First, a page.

took meandering streams and straightened them to "reduce flooding."
Actually, the flow of water increased and massive flooding resulted downstream.
In the same way, engineers have been redesigning our roadways to channel
all the traffic into main arteries. If the highway engineers
provide alternate routes that bicycles could use, then this channelization
would work to our advantage; however, as a rule, they provide no alternatives,
thus making cycling less safe, unsafe, or impossible.
the country, I find some cities very easy to cycle into and out of because
of the way that they are designed while others are very difficult.
The quality of life varies greatly as well, and much of that is also due to design.
In looking at the
specific problems of cycling, we see that the greatest problems are the
volume and speed of the traffic:
1) On roads with little traffic,
the speed limit is not important, although motorists approach more slowly
on roads with lower speed limits. Therefore, these
roads can be freely used by cyclists with only minor changes if any.
In summary, then,
we need to provide alternatives only when the speed of the traffic is high
(3d) and/or the volume of traffic is heavy (2). Unfortunately, the
densely packed, high-speed road is on the increase, often leaving the cyclist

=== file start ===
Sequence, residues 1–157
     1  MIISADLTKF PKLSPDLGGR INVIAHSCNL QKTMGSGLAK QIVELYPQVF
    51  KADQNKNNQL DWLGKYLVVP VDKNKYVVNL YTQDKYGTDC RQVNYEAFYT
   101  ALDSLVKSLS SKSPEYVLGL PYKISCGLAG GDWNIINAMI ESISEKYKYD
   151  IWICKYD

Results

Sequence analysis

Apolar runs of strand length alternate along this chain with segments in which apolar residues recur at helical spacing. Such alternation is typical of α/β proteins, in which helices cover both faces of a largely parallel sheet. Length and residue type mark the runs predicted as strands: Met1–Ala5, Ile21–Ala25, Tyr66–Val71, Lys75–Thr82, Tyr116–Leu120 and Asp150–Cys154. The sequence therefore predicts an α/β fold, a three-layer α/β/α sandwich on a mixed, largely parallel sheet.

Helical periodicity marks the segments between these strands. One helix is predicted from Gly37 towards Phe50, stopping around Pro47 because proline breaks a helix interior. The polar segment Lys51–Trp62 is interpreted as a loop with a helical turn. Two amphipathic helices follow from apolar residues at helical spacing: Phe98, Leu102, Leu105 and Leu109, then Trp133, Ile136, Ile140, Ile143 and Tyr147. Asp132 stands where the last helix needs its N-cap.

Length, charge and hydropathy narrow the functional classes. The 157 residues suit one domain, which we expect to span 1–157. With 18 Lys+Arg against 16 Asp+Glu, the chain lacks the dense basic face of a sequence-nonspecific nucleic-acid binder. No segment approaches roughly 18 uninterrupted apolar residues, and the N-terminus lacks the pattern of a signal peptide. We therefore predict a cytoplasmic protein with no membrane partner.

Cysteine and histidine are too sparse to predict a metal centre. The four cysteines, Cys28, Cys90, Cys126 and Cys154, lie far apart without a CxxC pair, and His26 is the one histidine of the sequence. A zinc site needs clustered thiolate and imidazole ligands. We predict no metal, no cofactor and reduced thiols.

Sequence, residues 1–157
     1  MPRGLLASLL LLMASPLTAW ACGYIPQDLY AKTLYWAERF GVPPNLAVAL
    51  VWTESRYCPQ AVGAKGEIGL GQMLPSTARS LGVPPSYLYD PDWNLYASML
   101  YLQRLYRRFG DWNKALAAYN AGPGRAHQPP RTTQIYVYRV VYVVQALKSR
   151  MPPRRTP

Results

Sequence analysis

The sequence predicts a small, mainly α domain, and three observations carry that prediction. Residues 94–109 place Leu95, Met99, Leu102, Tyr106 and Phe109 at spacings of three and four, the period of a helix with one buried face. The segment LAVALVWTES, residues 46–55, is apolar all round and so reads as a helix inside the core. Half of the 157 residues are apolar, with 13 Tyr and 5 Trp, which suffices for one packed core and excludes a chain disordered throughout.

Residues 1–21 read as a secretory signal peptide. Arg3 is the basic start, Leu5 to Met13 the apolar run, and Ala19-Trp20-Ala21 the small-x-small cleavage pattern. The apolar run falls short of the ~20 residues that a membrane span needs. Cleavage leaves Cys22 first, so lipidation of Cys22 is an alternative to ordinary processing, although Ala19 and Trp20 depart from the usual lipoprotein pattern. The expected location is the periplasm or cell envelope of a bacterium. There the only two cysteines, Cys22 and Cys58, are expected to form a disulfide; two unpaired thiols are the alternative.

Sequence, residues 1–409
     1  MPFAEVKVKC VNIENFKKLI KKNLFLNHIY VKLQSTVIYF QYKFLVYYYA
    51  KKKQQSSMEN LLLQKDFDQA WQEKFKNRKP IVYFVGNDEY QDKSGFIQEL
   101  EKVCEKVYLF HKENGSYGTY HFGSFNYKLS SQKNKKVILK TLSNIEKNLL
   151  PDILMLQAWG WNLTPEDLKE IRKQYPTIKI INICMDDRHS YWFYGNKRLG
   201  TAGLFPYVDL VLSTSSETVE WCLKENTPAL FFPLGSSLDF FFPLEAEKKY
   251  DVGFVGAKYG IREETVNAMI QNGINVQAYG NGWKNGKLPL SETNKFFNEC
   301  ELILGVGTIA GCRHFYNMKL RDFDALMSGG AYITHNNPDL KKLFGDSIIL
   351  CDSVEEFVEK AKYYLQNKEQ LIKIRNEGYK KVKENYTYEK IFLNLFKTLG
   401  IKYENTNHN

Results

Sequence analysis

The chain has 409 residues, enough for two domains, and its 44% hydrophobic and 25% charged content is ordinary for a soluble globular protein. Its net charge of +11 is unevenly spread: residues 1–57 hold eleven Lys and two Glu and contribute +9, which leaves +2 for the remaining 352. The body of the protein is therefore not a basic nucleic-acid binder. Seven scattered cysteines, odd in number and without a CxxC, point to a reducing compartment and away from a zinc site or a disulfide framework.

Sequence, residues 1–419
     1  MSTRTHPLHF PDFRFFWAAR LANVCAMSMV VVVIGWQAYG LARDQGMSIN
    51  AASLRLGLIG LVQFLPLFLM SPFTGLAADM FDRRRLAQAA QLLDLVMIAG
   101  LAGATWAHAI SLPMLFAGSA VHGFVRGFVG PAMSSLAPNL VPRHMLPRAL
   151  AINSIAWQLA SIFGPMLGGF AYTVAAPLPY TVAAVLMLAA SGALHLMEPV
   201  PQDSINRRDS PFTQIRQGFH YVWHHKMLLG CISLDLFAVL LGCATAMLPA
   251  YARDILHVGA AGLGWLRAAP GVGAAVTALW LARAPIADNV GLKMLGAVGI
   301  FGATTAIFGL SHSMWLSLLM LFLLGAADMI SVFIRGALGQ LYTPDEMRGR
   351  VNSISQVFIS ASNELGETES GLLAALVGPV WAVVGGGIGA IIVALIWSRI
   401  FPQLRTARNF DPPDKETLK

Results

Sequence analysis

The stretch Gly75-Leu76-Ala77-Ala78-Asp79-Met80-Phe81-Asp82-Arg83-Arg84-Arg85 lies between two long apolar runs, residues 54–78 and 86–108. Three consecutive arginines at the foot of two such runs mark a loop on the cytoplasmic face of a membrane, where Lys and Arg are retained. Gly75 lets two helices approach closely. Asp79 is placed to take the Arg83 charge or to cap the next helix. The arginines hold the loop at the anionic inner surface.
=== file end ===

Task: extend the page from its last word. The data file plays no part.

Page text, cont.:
no safe place to travel. A purist might insist that the cyclists
continue to use the road anyway; others may want an independent bicycle
path. I don't like either solution. Few cyclists are going
to be willing to risk the busy roadway, and deaths might result.
The bike path, on the other hand, is going to be taken over by joggers,
dog walkers, roller bladers, and others, so that a practical cycling speed
is impossible; in fact, bike paths have a much higher accident rate for
cyclists than the road.
2) On roads with heavy traffic
flow, cycling is impractical except for short distances unless the speeds
are very low. Even if the cyclists have a separate lane, turning
left is impossible and intersections are highly dangerous. Cyclists
need alternatives to these roads.
3) On roads with average traffic:
a) Bicycles can travel in the
automobile lanes when the speed of the traffic
is about the same as bicycle speed, as occurs on crowded downtown
streets or in residential neighborhoods. No
change is needed.
b) When the speed of the traffic has
increased to double the speed of the bicycle, then
a widening of the lane by a couple of feet provides adequate room
for motorists to pass when necessary. Motorists and cyclists need
to be taught not to ignore each other, however, as doing so leads to accidents.
c) When the speed of the traffic reaches
three times the speed of a bicycle, the room
needs to increase to four foot. Again, the vehicle operators
should not ignore each other.
d) When the speed of the traffic reaches four
times the speed of the bicycle or more, the